This very clearly shows the course of the Salween river, and by implication displays the full extent of Tibetan history and culture prior to 1959. The location of Burma – most important in connection with Ron Kaulback's final expedition in 1938/39, and the part he played in the expulsion of Japanese forces in the latter part of WWII – is also shown.
And this shows the dispositions of the three independent Himalayan states of Assam, Bhutan and Nepal (Sikkim is part of India, to my surprise!). It's also very useful as regards Indian geography – I always find it difficult to remember the precise locations of Delhi, Mumbai, Chennai, and Kolkata, which under their original names were preeminent in the history of 'British' India, right up to Ron Kaulback's time.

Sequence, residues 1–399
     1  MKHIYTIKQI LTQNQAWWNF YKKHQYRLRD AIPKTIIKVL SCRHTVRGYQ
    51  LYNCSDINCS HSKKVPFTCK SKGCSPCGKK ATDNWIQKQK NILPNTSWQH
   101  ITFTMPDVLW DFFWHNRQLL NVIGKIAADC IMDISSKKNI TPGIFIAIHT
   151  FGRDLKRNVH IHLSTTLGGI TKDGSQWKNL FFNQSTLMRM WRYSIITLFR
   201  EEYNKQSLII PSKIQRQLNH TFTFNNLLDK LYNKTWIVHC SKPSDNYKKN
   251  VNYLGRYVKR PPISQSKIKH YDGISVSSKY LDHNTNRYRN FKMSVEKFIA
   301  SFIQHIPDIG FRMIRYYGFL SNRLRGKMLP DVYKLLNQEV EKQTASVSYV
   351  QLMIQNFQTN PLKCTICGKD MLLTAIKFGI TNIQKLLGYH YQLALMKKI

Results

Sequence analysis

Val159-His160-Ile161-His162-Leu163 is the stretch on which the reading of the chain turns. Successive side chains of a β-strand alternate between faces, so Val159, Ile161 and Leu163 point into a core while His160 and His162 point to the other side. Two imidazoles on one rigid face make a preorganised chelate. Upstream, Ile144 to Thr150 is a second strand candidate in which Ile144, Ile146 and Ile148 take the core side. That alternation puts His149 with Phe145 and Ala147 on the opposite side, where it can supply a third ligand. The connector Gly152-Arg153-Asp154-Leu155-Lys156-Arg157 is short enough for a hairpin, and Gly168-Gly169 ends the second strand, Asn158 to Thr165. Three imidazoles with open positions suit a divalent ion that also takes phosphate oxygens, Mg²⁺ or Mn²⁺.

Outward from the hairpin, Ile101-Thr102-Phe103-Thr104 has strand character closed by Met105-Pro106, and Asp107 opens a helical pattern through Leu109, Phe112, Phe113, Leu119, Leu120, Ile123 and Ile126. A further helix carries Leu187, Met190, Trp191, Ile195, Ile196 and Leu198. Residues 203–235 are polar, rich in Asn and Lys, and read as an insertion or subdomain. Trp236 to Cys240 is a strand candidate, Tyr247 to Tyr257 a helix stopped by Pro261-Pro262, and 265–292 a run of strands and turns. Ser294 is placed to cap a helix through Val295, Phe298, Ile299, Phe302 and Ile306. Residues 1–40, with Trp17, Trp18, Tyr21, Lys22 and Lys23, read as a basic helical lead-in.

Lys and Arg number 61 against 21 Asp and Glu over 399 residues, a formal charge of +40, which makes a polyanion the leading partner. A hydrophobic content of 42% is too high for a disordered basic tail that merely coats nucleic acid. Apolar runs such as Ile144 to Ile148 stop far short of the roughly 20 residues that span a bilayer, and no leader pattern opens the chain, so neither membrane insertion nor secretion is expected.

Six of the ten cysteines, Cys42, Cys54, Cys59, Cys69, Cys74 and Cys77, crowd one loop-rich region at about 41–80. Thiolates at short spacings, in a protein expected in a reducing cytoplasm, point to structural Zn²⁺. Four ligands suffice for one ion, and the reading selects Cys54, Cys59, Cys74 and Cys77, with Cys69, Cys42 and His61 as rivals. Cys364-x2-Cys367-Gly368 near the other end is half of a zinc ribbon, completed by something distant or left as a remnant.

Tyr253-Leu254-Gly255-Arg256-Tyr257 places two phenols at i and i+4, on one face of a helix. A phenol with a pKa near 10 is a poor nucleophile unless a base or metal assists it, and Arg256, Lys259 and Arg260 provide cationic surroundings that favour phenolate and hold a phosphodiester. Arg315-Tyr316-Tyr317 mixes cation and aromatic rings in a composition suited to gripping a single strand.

Unfortunately, however, the northeast corner is labelled as China. What might it say in a couple of centuries' time?
In the same way that the opening chords of a Bruckner symphony contain in embryo all the majestic unfolding and development that follows, the hubris and over-reach of the resurgent entity that annexed Tibet in 1959 contain the seeds of its own ultimate metamorphosis into a more relaxed and detached relationship. I'm no Sinophobe, and who can help but admire their own ancient civilisation, technical ingenuity and artistic accomplishments – and feel guilty embarrassment at British behaviour during the Opium Wars – but it is undeniable that the rise and fall of mighty empires has been the recurrent backdrop to global history since time (almost) immemorial, and China in its present form (like the British Empire) will be no exception.
It may be a long time to wait but Tibetans are patient and resilient people.